Two (of four) Reasons You Should Do The City Project

Thank you to Daniel Drake and our friends over at the Summit Church for providing us with top notch reasons why the City Project is a no brainer for you (if you’re in college).  Stay tuned later in the week for a couple more reasons why you should do the City Project.

If you’re a college student, I would bet that you probably take one of two approaches to formulating plans for your summer. Some of you are characterized by a basically nonchalant attitude. You’re not really into planning or goal setting. Your only “schedule” is the one in your head and you go old school with note taking – no Evernote for you, all you need is a pen and the back of your hand. In fact, you and I would probably be friends, because I just noticed the word “roommate” written on my thumb. Not sure what that’s for…I’ll have to think about that later.”

I like to call this easygoing method the “bubble approach” to decision-making. You float through life like a bubble, with little intentionality or direction, making most of your decisions based on what’s in front of you. You’re so open to the numerous possibilities that you wait until the last minute to make any commitments. Then, when you finally do land on a decision for the summer, it ends up popping your bubble, because you aren’t adequately prepared for the prickly circumstances, restrictions, and requirements that come with an actual commitment to something.

On the other hand, some of you take the “Amtrak approach” to decision-making. To you, there’s only one track and one destination, with several predetermined stops along the way. So, you plan every minute of your life obsessively. You already know what you’re doing this summer, and every other summer of your undergraduate career, and you’re sticking to it. Your eyes are on the final destination. But when you finally arrive, you look back on the train tracks and realize that you completely missed the airport next door to the station. Sure, you reached your goal, but you were so focused on getting yourself there that you were never open to the possibility that, in all your diligent planning, you might be overlooking a better way. You glided through life, but you could have soared…and no, I did not steal that line from a Hallmark card…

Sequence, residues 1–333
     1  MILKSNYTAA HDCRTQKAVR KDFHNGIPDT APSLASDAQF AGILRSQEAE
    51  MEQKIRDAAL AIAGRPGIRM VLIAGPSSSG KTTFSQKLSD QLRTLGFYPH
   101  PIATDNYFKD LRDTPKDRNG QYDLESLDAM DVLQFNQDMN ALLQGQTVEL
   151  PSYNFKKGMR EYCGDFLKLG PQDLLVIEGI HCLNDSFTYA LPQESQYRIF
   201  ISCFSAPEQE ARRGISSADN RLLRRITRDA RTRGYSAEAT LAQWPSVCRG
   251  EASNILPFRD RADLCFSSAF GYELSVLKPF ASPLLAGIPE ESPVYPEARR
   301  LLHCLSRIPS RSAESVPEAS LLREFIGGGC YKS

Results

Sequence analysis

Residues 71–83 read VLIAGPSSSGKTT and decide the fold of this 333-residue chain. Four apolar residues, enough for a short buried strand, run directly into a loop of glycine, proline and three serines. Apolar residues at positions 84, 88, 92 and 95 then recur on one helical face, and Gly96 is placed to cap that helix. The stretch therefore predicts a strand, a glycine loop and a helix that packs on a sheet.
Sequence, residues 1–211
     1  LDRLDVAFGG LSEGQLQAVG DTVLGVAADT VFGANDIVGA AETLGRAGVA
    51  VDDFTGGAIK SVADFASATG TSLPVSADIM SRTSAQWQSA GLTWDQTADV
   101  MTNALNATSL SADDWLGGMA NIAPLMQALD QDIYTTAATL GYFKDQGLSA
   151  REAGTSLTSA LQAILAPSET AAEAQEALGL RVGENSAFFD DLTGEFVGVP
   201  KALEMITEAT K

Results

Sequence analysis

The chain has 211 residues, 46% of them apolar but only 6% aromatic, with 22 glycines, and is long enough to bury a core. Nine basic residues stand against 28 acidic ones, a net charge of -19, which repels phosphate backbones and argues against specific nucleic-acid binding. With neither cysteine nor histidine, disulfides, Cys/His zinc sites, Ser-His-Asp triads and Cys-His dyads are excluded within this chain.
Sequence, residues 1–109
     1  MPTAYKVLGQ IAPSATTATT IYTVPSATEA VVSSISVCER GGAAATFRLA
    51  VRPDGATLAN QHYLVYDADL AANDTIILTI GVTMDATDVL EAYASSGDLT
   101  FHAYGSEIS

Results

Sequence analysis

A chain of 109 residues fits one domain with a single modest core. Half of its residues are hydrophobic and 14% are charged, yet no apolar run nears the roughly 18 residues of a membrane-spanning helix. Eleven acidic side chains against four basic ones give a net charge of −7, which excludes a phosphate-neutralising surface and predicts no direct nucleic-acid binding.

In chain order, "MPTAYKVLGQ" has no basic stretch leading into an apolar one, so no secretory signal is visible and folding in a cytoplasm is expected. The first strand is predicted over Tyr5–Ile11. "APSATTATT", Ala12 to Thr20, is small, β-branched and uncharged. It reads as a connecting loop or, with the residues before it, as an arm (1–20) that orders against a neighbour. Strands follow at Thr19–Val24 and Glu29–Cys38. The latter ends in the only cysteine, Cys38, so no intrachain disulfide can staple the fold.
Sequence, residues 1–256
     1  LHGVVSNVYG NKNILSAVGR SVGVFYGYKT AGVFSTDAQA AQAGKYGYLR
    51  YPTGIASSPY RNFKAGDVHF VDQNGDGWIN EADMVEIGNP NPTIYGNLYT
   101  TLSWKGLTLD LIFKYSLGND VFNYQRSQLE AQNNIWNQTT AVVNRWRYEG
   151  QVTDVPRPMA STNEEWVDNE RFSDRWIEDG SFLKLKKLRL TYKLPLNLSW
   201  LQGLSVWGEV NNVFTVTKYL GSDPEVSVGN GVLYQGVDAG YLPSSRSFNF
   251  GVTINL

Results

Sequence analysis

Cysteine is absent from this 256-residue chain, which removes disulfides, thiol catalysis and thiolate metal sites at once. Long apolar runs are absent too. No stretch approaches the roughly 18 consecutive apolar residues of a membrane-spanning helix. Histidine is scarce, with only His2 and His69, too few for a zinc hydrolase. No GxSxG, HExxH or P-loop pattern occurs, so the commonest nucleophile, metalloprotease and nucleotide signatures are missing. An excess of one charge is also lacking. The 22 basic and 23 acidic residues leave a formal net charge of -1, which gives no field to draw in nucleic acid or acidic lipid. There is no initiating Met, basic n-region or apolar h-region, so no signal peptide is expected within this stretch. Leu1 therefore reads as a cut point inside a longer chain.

Clearly, these two approaches both have their pitfalls. Therefore, it’s our hope that the City Project would offer you a third approach to thinking about your summer. We want you to take seriously the value of your summer and the Lordship of Jesus over it. Instead of having your summer determined by a lack or excess of commitments, we want your decision to be guided by just one question: “If Jesus is your Lord and the Kingdom of God is your highest priority in life, how does that change your summer plans?” If you’re riding the bubble or the Amtrak and can’t honestly answer that question right now, then let me offer you four reasons to consider (or reconsider) why one of our projects might be the right fit for you.

1. You become like your context in a formative season.

Paul says that bad company corrupts good character (1 Corinthians 15:33). Your context affects you, for better or for worse. We could say it positively like this: “A gospel context forms Christ-like character.” There’s no question that what you value is largely determined by the people you value. And this is never truer for you than during your college years.